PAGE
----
Not only is the ombudsman without definitive authority in this matter but the entire editorial office of the newspaper can also act on its own in these cases. The authority lies within the legal service of the newspaper.

The sure approach for requests of this nature would providing a court order. Allow me to emphasize that we are not talking about material mistakes, wrong information and other more common mistakes that can occur in newspapers. We are talking about deletion and correction requests with the causes mentioned above.

In these cases, the courts are the final address. There is a reason for this of course. After all, the archives of a newspaper are its history, memory and record. Not only that, they also do the same for societies. Deleting or changing it with a push of a button for less than due cause would be detrimental.

Digital memory

Even in the instances where I think the reader is in the right, I have no other option than to offer advice to the newspaper and the court option to the readers.

There are two ways that readers can tackle this issue. Firstly, they can appeal to the Telecommunications Communication Presidency (TİB) for violation of privacy. This can result in a temporary injunction that will block access to the page for a short time. After that, they must appeal to the Court of Peace within 24 hours, and they will reach a result in a ruling in 48 hours.

Or in cases where the reader is complaining about an attack on their personal rights, such as defamation, slander or humiliation, the only authority is the Courts of Peace. The judge will review the appeal and reach a ruling in 24 hours in these cases.

With these methods, readers can effectively solve their issues with all newspapers instead of appealing to each one.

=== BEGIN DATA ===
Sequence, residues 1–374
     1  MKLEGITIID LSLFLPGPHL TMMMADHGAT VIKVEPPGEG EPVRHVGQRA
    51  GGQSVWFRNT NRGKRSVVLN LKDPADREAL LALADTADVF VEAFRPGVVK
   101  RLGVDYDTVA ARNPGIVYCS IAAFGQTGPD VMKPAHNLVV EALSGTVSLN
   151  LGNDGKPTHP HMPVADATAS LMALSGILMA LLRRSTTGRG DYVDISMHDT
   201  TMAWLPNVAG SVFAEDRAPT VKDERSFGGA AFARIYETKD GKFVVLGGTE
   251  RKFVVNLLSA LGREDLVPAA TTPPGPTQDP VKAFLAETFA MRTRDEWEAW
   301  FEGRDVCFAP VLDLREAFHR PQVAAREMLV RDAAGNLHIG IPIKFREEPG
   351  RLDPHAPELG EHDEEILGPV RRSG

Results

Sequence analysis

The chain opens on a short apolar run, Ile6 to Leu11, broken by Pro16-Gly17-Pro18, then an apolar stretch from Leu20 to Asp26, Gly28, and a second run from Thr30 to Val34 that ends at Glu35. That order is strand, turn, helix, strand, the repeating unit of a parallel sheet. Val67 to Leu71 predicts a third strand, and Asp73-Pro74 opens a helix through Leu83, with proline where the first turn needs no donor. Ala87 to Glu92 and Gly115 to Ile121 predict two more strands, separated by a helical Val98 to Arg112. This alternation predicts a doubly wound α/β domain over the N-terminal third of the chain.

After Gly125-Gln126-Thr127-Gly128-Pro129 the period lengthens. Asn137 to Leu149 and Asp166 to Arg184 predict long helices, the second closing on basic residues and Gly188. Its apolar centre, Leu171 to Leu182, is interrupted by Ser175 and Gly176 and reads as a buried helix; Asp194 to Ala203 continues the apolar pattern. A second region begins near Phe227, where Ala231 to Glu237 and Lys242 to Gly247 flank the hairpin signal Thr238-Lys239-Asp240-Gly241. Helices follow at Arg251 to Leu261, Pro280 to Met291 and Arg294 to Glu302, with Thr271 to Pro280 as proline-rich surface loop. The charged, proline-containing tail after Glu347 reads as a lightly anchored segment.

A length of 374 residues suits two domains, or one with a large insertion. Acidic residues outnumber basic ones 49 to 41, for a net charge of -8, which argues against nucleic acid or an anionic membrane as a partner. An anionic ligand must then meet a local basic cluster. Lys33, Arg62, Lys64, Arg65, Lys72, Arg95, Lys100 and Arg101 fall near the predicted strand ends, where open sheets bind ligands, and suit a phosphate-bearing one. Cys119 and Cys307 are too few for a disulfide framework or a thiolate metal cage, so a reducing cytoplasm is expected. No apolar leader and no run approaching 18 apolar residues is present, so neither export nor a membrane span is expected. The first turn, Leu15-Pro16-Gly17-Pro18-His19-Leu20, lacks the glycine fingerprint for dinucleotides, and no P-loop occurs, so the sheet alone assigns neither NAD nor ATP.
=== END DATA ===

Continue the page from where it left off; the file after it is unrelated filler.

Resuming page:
While this is the current available method, I cannot help but state that my conscience sides with the argument that newspapers must reach an understanding and decide on a set of standards. They must take initiative that can help readers while protecting the integrity of the newspaper archives. After all, protecting the integrity of archives is not only about freezing them in time but deciding when to let them live and when to let them fade.

Even though the current climate dictates otherwise, I do not think that we should be forced to live with the reality of an eternal digital memory. The issue is not just about violations of privacy or news articles that attack personal rights; there is more to it than people who wish to remove news articles that paint them in a bad light, there is the case of victims who wish to forget about their ordeals as well. We wrote back in June 16, 2014, about this issue in the article titled "Right to be forgotten". As the title suggests, people have a right to be forgotten, even though the digital world makes it quite difficult. The European Court of Human Rights also agrees with this sentiment in its related decision.

If requested by a reader and parameters decided with a set of principles are met, the news articles that are not considered newsworthy anymore should be removed.